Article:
The 9th Circuit Opines on Limitations of Residency Restriction as Condition fo Supervised Release

December 3rd, 2011

US v. Rudd, No. 10-50254 (9th Cir. Nov. 23, 2011) (available here) begins:

William Newton Rudd appeals the district court’s imposition of a residency restriction as a special condition of supervised release, following his conviction and sentencing for one count of violating 18 U.S.C. § 2423(c), which prohibits U.S. citizens from traveling to a foreign country and engaging in illicit sexual conduct.  The special condition prohibits Rudd from residing “within 2,000 feet of school yards, parks, public swimming pools, playgrounds, youth centers, video arcade facilities, or other places primarily used by persons under the age of 18.”  We have jurisdiction pursuant to 18 U.S.C. § 3742.  Because the district court did not provide any explanation for its imposition of the 2,000 foot residency restriction, and none is apparent from the record, the district court committed procedural error.  Thus, we vacate the special condition and remand to the district court to explain or reconsider the 2,000 foot residency restriction.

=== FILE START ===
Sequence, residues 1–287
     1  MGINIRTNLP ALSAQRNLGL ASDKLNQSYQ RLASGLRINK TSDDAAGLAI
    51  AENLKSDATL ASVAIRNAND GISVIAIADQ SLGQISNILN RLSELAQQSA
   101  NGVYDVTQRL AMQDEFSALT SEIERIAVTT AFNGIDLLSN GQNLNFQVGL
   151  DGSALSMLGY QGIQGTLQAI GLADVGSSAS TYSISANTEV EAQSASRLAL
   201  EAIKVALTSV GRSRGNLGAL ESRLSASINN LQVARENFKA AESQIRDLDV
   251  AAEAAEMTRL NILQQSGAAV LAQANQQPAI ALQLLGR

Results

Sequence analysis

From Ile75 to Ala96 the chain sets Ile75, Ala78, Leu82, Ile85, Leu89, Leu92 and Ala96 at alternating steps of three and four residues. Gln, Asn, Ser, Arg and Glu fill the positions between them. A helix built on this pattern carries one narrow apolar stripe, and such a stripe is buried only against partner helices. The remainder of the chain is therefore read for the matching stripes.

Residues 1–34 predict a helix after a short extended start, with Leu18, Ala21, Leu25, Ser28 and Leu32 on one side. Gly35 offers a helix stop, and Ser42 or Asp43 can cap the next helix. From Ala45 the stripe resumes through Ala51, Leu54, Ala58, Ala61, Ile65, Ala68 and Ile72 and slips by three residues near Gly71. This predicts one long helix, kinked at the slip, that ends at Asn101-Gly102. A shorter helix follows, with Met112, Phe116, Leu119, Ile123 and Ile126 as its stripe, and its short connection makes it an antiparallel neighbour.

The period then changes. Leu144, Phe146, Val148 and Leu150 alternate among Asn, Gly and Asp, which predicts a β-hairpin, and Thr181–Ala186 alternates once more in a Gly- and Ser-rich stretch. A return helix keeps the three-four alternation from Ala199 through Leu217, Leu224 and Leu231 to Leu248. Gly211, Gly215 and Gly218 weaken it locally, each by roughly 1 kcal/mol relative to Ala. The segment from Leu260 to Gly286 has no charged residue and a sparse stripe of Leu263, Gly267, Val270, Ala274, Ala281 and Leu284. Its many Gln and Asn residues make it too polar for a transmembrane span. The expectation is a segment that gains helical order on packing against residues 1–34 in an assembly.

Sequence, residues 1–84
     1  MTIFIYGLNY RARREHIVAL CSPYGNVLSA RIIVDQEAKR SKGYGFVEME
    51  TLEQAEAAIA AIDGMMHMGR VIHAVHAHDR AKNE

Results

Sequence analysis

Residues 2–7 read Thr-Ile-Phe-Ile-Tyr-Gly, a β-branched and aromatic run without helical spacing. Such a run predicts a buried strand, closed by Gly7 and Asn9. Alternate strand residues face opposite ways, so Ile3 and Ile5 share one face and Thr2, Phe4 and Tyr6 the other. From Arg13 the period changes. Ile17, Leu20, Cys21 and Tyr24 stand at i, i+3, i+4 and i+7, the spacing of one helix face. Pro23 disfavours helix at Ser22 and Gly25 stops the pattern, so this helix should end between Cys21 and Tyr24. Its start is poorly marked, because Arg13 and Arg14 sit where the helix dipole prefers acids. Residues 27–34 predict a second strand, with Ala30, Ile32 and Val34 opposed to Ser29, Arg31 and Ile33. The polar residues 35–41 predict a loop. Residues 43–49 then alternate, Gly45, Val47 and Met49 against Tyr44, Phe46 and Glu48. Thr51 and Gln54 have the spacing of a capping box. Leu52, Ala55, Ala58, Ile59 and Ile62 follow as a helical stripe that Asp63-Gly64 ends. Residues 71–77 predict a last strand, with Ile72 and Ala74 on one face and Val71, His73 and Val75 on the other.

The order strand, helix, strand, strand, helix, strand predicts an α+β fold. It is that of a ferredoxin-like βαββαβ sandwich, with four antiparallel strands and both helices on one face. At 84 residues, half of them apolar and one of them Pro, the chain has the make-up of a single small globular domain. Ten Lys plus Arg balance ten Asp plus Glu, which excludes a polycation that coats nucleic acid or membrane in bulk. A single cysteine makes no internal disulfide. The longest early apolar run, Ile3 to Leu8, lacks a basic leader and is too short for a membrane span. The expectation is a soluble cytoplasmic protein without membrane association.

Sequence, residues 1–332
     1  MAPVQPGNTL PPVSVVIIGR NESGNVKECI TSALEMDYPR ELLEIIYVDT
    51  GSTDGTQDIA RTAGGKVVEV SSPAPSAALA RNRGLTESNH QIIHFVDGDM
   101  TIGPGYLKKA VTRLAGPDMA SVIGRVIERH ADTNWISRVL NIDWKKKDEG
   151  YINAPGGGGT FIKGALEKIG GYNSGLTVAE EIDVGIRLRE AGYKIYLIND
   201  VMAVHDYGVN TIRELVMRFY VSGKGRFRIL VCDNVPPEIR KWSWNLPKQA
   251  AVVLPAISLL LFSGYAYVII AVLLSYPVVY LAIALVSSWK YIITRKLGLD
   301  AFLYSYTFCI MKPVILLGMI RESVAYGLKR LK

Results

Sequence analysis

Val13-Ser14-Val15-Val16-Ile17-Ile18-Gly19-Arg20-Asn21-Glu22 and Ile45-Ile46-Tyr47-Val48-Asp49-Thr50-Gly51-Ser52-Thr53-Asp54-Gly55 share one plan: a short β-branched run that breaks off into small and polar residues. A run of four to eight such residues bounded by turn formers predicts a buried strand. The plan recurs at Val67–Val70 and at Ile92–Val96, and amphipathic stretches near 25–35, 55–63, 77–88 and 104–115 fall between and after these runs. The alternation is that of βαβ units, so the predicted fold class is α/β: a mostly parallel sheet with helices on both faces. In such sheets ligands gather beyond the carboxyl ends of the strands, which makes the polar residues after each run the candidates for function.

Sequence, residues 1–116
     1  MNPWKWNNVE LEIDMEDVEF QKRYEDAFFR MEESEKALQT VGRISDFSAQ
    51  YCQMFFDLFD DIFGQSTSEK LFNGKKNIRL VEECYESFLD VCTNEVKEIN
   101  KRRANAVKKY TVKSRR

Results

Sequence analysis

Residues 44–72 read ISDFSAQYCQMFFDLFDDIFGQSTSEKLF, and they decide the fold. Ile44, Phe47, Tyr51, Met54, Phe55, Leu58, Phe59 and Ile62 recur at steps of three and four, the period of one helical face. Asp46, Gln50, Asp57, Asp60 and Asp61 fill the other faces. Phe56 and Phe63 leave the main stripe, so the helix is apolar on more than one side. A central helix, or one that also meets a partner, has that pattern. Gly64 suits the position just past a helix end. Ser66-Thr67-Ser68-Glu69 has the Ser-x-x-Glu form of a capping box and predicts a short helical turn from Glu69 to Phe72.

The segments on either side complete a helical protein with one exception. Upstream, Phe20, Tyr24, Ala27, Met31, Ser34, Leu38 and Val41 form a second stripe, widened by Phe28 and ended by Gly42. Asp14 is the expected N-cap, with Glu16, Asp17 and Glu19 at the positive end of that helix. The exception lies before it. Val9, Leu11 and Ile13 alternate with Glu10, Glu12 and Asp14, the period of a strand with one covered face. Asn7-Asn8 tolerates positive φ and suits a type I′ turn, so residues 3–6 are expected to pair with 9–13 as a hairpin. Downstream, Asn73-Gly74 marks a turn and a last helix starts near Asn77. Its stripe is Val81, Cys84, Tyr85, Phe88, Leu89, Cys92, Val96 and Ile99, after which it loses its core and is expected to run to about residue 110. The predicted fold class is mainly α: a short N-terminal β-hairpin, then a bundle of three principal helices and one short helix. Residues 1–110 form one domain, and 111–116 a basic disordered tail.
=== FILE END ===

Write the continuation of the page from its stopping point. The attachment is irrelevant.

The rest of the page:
And this:

It is unclear, at least from this record, what residency restriction would be sufficient but “involve no greater depri- vation of liberty than is reasonably necessary for the purposes of supervised release.” Daniels, 541 F.3d at 924; United States v. Rearden, 349 F.3d 608, 618 (9th Cir. 2003). Would a residency restriction of 1,000, 3,000, or even 5,000 feet each be appropriate without any further explanation solely because of the nature and circumstances of Rudd’s conviction? In the absence of any explanation of how the chosen distance fur- thers the purposes of Rudd’s supervised release, the choice of 2,000 feet appears arbitrary. We thus conclude that the district court was required to provide an explanation for choosing the 2,000 foot residency restriction.4